Use this URL to cite or link to this record in EThOS: http://ethos.bl.uk/OrderDetails.do?uin=uk.bl.ethos.273199
Title: Nausea and vomiting in pregnancy, maternal nutrition and pregnancy outcome
Author: Al-Rasasi, Buthaina
ISNI:       0000 0001 3407 9739
Awarding Body: University of Surrey
Current Institution: University of Surrey
Date of Award: 2003
Availability of Full Text:
Access from EThOS:
Access from Institution:
Abstract:
Nausea and vomiting in pregnancy (NVP), which is known to affect nearly 70% of all pregnant women, has been associated with favourable pregnancy outcomes such as decreased risk of miscarriage, low birth weight and premature delivery. The aim of this research was to determine the mechanism by which these protective effects of NVP may be brought about. Women suffering from NVP may decrease their intake due to the symptoms, may increase their intake to alleviate symptoms, or may change the quality of their diet. Both a retrospective questionnaire survey (n=201) and a prospective cohort study (n=52) were carried out between April 1999 and August 2001. Women were recruited mainly from two GP clinics in Guildford. It was found from both studies that the prevalence of NVP in the Guildford area is similar to that reported in other studies. Although this study found no relationship between NVP and birth weight and gestational age, women with NVP had higher cord IGF-1 levels compared to women without NVP (p=0.044). In addition, duration of NVP was inversely related to birthweight to placental ratio (p=0.011). Forty three women provided complete dietary information. It was found that energy intakes did not differ between women who had NVP compared with women who had no NVP, however the quality of diet varied between women with NVP and those without NVP. This is probably due to the fact that women with NVP had a high risk of cravings and aversions in pregnancy, leading to the difference in intake of certain nutrients such as riboflavin, calcium, zinc and copper. The strong association between NVP and aversions in pregnancy (P= 0.026) found in the retrospective study could lend further support to the "Embryo protection" hypothesis, which states that NVP is a protective mechanism, which has evolved to prevent the mother from the ingestion of foods that could be harmful to the fetus. Further studies using larger sample sizes, covering a range of socio-economic status and different regions are needed before definite conclusions can be drawn.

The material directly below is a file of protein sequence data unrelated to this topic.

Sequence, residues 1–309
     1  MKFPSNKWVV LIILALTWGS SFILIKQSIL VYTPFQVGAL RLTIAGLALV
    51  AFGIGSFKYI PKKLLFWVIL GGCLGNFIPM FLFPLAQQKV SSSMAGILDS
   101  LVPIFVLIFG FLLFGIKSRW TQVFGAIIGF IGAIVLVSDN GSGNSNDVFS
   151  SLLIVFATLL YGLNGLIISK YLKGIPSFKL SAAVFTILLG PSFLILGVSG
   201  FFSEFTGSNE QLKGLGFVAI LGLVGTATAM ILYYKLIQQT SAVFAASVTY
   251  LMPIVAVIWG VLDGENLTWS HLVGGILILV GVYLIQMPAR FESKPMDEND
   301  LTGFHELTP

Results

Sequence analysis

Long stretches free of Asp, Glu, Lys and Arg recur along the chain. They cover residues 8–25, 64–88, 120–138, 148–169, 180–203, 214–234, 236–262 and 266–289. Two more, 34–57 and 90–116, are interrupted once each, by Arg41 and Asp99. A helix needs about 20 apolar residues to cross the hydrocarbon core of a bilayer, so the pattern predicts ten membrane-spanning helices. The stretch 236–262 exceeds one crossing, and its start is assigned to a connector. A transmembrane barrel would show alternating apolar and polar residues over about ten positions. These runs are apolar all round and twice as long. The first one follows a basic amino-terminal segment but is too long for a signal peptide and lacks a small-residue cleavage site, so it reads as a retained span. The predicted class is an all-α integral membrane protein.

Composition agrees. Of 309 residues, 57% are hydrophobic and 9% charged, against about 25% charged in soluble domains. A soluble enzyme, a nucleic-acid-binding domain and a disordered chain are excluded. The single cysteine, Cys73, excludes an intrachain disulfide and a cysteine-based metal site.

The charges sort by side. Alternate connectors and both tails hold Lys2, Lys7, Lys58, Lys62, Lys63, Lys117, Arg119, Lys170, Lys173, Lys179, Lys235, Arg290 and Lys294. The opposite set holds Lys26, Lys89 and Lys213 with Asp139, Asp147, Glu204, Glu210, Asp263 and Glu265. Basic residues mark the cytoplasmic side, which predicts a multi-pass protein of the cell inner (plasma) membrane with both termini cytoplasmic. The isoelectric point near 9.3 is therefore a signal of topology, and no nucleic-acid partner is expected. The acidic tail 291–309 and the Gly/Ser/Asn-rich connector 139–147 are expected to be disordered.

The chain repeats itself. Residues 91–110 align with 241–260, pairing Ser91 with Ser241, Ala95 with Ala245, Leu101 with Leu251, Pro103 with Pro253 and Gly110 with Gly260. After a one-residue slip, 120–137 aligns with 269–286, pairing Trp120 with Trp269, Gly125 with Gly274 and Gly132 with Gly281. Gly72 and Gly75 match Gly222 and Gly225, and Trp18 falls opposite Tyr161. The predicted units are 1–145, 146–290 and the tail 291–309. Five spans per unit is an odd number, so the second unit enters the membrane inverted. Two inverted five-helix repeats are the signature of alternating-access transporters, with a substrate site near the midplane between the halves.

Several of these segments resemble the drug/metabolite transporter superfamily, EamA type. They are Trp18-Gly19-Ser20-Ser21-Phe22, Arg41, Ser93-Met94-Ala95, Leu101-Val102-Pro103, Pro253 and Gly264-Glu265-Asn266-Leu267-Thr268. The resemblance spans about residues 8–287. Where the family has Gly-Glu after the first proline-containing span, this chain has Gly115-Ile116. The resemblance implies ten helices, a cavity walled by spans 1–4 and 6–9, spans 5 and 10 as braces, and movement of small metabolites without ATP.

Supervisor: Not available Sponsor: Not available
Qualification Name: Thesis (Ph.D.) Qualification Level: Doctoral
EThOS ID: uk.bl.ethos.273199  DOI: Not available
Keywords: Medicine
Share: